What car checks to make before a long journey

In this video we speak to Simon Stratford from the breakdown and recovery service Green Flag, who explained an easy way to remember what to check on your vehicle before you travel...

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James Baggott: Right, I’m here with Simon Stratford from Green Flag, who is going to show us a very clever acronym that will help you check your car over before a long journey. Simon, talk me through this!

Simon Stratford: Yes, the acronym is F.L.O.W.E.R:

F

SS: The ‘F’ in flower is for ‘fuel’. So, make sure your fuel level is correct for your journey; you don’t want to stop on the way.

L

SS: The ‘L’ is for ‘lights’, make sure your lights are functioning and working properly.

JB: All of them? Including indicators?

SS: Yes, check everything. You might need a second person to help you with that, but you don’t want to drive with a bulb out, that is an offence.

O

SS: The next part of the acronym for the ‘O’, is 'oil', so check your oil level.

JB: And, are we just checking level or what it looks like?

SS: No, checking the level really, I mean oil is going to be dirty anyway.  If it’s a really milky colour then you may have a problem but just check the oil. When it’s cold is the most effective way of checking it.SS: So give it a good wipe, pop it back in and check it again – obviously the engine wouldn’t be running at this time.

JB: How often do you visit someone who has run out of oil?

SS: Oh yes, it’s really common! The modern diesel engine will drink oil.This one is fine on the maximum there, as long as it’s between the two levels, maximum and minimum.

JS: So it’s quite an easy check?

SS: Yes, but when the engine is hot it will give you an incorrect reading slightly, so do it when it’s cold.

JB: So that’s F.L.O…what's next? 

W

SS: ‘W’ is for ‘water’. So, when you are under the bonnet – obviously when it’s cold – check the coolant level, making sure that the level is correct, if it is slightly down you can top it up with a little bit of water, but very importantly you don’t mix antifreezes, so make sure you get the right antifreezes if you are going to put it into your car.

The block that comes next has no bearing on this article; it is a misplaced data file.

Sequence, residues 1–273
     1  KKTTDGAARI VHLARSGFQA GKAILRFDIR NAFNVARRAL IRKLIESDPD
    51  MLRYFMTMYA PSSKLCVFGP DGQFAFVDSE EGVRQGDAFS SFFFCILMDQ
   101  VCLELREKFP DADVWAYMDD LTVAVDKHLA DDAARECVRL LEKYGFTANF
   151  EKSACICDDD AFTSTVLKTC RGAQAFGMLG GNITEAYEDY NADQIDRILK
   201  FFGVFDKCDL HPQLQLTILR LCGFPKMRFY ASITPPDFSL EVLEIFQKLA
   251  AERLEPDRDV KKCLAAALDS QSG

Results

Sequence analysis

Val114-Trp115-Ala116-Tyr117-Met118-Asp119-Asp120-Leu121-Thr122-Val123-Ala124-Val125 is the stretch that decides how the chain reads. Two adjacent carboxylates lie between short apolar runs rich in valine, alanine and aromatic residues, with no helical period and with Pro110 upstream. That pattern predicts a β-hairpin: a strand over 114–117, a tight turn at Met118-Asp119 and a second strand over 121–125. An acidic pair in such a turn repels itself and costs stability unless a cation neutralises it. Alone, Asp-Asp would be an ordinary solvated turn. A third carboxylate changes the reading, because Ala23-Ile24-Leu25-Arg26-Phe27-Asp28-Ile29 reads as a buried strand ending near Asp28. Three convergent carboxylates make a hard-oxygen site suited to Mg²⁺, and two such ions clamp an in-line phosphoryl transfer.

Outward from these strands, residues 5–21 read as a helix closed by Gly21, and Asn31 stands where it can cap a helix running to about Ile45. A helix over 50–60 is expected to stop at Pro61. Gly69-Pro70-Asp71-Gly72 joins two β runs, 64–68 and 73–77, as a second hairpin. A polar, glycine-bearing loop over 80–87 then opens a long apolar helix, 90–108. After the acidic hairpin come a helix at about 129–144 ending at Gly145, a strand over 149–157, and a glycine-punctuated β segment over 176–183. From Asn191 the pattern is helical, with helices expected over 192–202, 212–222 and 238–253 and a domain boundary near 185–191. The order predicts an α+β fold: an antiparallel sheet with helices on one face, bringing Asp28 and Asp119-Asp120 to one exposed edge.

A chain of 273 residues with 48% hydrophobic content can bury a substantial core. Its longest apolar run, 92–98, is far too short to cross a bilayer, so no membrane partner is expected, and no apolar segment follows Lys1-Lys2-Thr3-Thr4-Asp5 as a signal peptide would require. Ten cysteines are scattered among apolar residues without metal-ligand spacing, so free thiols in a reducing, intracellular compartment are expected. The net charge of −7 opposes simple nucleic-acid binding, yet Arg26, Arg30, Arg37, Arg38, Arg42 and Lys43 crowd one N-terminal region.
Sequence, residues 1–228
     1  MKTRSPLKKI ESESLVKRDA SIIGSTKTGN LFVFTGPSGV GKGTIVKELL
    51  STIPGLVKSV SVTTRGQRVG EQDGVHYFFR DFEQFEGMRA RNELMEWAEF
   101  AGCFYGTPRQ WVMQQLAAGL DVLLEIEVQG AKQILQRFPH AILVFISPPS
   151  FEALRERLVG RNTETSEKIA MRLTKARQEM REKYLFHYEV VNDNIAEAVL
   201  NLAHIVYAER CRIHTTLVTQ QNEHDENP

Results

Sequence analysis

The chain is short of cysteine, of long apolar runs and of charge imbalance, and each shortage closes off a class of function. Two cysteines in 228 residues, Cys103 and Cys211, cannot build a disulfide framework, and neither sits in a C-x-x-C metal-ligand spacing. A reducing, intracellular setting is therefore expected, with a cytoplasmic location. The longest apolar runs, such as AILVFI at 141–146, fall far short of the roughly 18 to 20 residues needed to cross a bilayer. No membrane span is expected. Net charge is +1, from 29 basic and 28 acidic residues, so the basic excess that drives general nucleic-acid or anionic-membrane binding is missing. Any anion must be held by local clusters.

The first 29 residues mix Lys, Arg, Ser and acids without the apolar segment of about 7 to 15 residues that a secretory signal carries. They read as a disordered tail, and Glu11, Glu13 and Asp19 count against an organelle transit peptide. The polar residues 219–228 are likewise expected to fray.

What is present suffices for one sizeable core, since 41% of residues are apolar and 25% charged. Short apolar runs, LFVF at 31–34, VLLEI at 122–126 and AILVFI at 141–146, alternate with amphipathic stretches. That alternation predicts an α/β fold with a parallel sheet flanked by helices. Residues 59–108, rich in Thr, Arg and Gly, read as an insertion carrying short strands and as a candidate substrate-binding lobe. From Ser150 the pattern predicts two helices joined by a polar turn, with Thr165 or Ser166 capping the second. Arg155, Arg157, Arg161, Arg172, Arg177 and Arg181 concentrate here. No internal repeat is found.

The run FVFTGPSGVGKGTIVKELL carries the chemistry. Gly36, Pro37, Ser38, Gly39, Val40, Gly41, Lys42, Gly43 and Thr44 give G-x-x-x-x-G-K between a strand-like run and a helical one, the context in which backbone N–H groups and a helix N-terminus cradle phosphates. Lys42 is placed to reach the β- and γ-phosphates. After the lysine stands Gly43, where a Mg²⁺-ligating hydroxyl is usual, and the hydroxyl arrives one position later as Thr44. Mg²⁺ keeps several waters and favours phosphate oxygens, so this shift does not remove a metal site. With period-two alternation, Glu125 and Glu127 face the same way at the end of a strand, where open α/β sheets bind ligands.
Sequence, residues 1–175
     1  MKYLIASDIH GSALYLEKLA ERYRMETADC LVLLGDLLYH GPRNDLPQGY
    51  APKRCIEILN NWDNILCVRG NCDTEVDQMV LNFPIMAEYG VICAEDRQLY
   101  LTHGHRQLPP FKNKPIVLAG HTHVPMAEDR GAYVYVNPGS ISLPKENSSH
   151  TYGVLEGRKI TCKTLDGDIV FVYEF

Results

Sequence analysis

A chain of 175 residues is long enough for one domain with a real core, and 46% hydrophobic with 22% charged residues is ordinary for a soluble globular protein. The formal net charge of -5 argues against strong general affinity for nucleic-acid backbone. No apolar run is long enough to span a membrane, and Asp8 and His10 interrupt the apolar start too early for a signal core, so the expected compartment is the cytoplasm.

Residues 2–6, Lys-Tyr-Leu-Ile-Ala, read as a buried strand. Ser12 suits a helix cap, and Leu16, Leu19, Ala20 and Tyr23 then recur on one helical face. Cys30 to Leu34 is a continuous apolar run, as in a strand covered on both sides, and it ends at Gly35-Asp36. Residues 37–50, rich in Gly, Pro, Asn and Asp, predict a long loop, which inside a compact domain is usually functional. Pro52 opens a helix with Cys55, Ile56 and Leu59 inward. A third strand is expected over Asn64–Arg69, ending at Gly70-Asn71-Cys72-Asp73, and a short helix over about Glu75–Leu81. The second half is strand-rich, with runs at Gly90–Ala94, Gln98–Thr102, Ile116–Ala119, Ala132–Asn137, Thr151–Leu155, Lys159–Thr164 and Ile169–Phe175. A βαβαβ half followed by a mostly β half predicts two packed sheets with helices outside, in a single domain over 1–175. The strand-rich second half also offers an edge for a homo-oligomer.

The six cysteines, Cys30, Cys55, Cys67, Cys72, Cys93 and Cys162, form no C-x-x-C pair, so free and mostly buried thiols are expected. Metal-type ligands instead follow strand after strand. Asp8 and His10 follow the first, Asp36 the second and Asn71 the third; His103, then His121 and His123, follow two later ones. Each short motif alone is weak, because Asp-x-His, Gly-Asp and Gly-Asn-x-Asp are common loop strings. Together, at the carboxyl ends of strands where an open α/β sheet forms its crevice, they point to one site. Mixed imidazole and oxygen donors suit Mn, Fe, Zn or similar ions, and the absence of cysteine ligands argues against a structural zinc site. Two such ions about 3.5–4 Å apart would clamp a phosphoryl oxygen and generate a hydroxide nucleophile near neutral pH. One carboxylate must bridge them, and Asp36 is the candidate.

JB: So would you leave that to a professional?

SS: Yes, I would leave that to a professional. And obviously while you are under here, the ‘W’ can also stand for screen wash as well.

JB: Next up?

E

SS: The next one is ‘Electrics’, which is your battery, a lot of vehicles nowadays the battery is not under the bonnet, it’s in the boot or under the seat so you don’t know where it is really. There is not too much to do to a modern battery, you don’t generally have to top them up any more it’s just a case of making sure it is there and its secure.

R

SS: And ‘R’ is for ‘Rubber’

JB: Ok, so what am I checking for on the tyres?

SS: On a tyre you going to be looking for any damage on a side wall, and the tread depth across, the legal limit being 1.6mm, anything less than 2mm is when you want to be thinking of changing your tyres.

JB: And front and rear?

SS: Yes, all round, making sure that although you’ve got good tread on the outside of the tyre, you may have a problem with the tracking of the vehicle which can really wear out a tyre and you can have real problems with that as well.

JB: So, do you tend to a lot of people who have had problems with their tyres?

SS: Yes, really, it’s a real sort of top 5 cause of breakdown really, once you are checking your tyres that are on the road, if you’ve got a spare wheel; make sure that you’ve got a serviceable one.

JB: OK super, so that’s quite easy to remember, F.L.O.W.E.R.

SS: Yes, F.L.O.W.E.R, very easy!

JB: Thank you very much for your time!

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